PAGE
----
Organisms, including Proteus, Staphylococcus, Klebsiella, and Pseudomonas, decompose urea in urine. The decom-position generates ammonia, bicarbonate, and carbonate, alkalizing the urine. These decomposition products form crystals with calcium, magnesium, and phosphoric acid in the urine that form infection stones (struvite or carbonate apatite) [43,44]. The bacterium most commonly associated with infection stones is Proteus mirabilis [45]. 

5. Microbiome in Stones

Bacteria can be isolated from approximately 15-70% of stones [46-48]. CaOx stones contained positive cultures in 13% to 44% of samples. E. coli (15-35%) was the most common bacteria identified from stone cultures, followed by Pseudomonas spp. and Proteus (urease-producing bacteria), which are typically associated with the formation of struvite stones [46,47].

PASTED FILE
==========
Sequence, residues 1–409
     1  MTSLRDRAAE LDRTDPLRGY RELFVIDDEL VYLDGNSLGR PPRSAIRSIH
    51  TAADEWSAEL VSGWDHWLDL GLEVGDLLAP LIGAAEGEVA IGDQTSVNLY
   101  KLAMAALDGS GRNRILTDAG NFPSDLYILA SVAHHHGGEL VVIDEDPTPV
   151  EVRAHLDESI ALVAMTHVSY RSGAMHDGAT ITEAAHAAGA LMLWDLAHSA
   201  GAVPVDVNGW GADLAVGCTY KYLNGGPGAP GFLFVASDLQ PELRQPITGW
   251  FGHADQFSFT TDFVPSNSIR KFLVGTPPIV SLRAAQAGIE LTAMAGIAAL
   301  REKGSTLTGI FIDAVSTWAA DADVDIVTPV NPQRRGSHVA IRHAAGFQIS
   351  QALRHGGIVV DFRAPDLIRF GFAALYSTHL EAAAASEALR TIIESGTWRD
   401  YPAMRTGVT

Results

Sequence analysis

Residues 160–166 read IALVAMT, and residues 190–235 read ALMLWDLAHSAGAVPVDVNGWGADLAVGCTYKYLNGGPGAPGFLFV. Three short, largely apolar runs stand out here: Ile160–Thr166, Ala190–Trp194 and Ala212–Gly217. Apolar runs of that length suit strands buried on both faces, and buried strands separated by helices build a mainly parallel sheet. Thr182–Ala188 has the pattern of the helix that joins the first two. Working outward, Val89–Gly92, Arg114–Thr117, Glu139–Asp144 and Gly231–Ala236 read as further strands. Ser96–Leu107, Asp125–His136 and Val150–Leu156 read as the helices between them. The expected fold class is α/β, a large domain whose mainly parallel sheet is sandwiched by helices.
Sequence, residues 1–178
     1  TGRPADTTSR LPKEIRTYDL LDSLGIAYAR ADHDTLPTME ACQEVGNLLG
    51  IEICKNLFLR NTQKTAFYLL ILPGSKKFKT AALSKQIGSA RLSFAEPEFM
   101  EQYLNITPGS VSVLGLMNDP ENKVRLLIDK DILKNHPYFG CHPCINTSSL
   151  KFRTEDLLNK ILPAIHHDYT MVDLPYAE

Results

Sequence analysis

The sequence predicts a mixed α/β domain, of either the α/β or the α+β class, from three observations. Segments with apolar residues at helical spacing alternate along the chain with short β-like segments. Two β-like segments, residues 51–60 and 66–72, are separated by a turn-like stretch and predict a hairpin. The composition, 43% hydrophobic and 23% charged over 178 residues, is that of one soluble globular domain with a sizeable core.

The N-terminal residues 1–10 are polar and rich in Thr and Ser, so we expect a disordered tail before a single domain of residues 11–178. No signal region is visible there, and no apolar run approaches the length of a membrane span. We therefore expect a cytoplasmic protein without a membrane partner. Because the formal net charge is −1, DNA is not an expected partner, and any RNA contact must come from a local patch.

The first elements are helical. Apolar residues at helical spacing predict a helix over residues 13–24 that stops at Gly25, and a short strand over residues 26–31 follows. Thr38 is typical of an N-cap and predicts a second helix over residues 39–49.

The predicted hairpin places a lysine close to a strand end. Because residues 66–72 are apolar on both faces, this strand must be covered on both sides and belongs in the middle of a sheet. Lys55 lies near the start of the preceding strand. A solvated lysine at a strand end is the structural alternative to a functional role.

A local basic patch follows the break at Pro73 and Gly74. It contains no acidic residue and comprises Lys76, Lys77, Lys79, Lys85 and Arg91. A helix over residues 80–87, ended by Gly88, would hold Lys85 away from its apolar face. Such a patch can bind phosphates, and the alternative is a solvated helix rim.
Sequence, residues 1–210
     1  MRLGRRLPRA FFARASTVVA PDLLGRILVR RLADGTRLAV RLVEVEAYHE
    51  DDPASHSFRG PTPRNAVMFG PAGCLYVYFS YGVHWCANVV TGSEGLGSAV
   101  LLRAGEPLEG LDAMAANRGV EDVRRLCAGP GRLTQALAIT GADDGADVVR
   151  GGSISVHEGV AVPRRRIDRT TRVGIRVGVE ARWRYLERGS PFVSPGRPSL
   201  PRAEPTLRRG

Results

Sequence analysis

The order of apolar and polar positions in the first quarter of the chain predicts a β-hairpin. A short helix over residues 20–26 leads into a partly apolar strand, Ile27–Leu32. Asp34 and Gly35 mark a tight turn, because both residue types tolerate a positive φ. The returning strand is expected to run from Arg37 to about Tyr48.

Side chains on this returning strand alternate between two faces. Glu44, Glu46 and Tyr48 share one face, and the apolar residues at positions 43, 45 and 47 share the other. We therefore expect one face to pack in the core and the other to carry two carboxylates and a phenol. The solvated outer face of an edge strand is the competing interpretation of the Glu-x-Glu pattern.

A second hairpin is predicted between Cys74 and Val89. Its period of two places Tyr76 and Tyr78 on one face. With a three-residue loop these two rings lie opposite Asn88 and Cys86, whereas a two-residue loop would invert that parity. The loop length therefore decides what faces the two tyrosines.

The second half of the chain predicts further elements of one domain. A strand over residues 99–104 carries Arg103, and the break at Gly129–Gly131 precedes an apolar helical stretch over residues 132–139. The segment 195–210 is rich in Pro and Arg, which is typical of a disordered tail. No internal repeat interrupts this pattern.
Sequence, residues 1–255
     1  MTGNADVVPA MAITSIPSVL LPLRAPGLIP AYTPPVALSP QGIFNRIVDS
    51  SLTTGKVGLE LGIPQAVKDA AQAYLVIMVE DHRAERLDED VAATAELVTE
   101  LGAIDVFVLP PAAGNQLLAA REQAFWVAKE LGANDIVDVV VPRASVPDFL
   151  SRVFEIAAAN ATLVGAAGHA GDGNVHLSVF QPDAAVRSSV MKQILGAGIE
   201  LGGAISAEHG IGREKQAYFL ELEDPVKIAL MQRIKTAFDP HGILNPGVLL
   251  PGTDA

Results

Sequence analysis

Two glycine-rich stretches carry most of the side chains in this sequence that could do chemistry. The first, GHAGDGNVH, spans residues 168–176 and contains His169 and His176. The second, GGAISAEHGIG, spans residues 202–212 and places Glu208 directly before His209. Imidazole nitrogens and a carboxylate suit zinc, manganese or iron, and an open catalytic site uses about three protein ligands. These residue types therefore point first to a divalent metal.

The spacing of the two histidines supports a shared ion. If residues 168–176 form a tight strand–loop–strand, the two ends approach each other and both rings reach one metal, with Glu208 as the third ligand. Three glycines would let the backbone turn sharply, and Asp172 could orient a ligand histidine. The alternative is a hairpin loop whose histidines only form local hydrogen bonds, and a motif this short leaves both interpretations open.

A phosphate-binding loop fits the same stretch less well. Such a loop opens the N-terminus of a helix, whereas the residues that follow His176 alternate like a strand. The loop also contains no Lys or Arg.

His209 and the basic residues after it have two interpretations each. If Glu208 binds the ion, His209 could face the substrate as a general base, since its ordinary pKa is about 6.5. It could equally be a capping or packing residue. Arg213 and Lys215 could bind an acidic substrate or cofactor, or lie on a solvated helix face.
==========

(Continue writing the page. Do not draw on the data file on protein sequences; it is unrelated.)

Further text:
Dornbier et al. [49] analyzed the microbiome of calcium-based urinary stones. They identified the urine and stone microbiota of nephrolithiasis patients using 16S rRNA gene sequencing and EQUC. Bacteria were identified in 29/52 (55.8%) of stones. Enterobacteriaceae (including the genera Escherichia and Klebsiella), Staphylococcus, Veillonella, Streptococcus, Corynebacterium, Haemophilus, Proteus, Lactobacillus, and Bifidobacterium were dominant the bacterial taxa. Twelve stones contained dominant bacterial taxa, and 5/12 (41.7%) of these were CaOx stones. In contrast, 36/40 (90%) of stones without dominant taxa were CaOx. EQUC and 16S-rRNA gene sequencing identified multiple enriched bacterial species, including Staphylococcus epidermidis, Enterobacter cloacae, Escherichia coli (a member of the family Enterobacteriaceae), and Lactobacillus gasseri. Dornbier et al. [49] developed a methodology to detect bacteria in stones and estimate whether they are more abundant in the urine than other species. Table 1 lists the microbiome associated with nephrolithiasis.